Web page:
When I need the loo I generally jiggle about like a three-year-old.
Ask me to wait in a queue and you’ll be met with all sorts of weird dance moves, stretches and hopping on one leg.
A common side effect of having part of your bowel removed is urgency – and when you need to go – you REALLY need to go!
At the weekend, during the interval at a lovely theatre show, I was standing in the toilet queue along with what felt like every woman in the place.
After doing some polite “waiting time”, my body decided enough was enough and I was overcome with that feeling of “get me to a bloody toilet NOW!”
So I kindly asked the ladies in front of me if I could just go to the front.
While most were fine, there was one lady (yes YOU – the lady in the red dress), who looked me up and down, asked why I couldn’t just wait like everyone else.
She even went on to tell me I didn’t look like I was that desperate.
AND… even after I was forced to explain the fact I’m a stage 4 bowel cancer patient, who’s had part of her insides removed, she called me a “lying b*tch” under her breath!
Luckily, in the time it took for me to explain my whole back story, the queue moved and the red dress lady and myself made it safely into a cubicle without any accidents.
I won’t lie… part of me wanted to pee a little bit on the floor just to show her!
And here lies one of the biggest challenges of having an “invisible” disease.
With the exception of my scars, which you can’t see now winter’s on its way, I actually look pretty well.
We all need to be a little more mindful that most illnesses, including stage 4 bowel cancer, don’t come with a neon, flashing badge announcing its existence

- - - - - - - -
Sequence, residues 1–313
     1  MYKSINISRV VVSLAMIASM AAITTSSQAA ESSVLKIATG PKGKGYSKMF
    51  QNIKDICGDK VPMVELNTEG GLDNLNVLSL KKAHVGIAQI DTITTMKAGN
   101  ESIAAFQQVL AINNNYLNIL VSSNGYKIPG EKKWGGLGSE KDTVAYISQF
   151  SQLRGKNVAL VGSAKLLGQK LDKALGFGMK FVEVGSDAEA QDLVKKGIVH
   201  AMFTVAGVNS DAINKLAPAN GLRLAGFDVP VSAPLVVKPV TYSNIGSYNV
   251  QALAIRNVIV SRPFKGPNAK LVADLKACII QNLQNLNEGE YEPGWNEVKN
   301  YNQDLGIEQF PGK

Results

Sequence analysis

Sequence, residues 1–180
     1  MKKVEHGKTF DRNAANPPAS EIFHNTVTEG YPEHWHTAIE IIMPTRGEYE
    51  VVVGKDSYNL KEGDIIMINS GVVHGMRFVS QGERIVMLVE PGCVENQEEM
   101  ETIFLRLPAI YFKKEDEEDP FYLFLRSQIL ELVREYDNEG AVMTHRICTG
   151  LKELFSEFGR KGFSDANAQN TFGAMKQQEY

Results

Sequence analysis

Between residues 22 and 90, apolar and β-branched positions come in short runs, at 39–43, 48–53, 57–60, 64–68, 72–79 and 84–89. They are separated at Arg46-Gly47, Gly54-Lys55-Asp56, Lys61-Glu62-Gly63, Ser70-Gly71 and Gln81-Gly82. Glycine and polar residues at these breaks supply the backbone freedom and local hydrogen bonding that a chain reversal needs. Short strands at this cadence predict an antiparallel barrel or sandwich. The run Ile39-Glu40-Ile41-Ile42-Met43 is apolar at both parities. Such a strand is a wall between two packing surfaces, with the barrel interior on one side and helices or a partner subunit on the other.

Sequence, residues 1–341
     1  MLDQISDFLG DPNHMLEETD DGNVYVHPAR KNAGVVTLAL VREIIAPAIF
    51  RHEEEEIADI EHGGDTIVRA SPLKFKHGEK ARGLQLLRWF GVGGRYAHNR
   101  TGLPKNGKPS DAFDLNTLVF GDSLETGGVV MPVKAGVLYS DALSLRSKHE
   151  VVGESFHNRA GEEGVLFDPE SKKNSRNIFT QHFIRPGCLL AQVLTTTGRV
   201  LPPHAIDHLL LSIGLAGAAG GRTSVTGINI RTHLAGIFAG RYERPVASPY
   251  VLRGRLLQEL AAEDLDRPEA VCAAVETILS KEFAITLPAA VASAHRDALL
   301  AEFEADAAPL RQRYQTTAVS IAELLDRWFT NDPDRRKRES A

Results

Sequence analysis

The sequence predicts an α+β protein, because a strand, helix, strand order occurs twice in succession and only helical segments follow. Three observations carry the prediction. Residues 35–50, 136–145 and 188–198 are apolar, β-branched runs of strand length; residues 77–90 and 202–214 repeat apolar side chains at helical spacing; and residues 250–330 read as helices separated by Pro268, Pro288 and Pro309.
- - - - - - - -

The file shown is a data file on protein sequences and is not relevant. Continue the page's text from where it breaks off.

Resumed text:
My relentless mission to look after my hair, is paying off, and ironically, thanks to lots of pampering, my locks are in the best condition of their life!
Don’t get me wrong, I’m incredibly grateful for not looking ill right now.
There’s so much to be said for the physical leading the mental at times – “If I look good, I feel good”.
But this is the cruel side of cancer, how you look can be deceptive.
I will never forget the moment I was told my cancer had spread to my lungs, screaming: “But I just ran 10K yesterday.”
I met a friend the other day, who I haven’t seen since before my diagnosis.
She kindly told me I look better now than before!
It might be something to do with having a few more hours in the bed to actually brush my hair, I admitted.
I love hearing I look well, enjoying a glass of wine and being as normal as possible.
But inside there are times I struggle.
Leaving the mental impact aside for this week, I do get tired.
My nuclear chemo zaps all the good and hopefully the bad in my body, leaving me too tired to get out of bed some days.
I inject myself to boost my white blood cells, but the injections give me horrible bone pain.
The barrage of drugs plays havoc with my stomach, and the steroids just make me crazy!
But, none of this is visible on the outside.
So much so, that sometimes I look in the mirror and wonder if it’s all just a lie.
Am I really THIS ill?
And then, after a 24-hour bout of vomiting, I’m quickly brought back down to Earth with a bang.
It makes me think, while indulging in a bit of people watching, what other people’s lives involve.
Are they happy?
I get jealous of those people that give off that air of having their sh*t together.
But, then I stop myself, and question how many of them have cancer, or another illness they are secretly battling.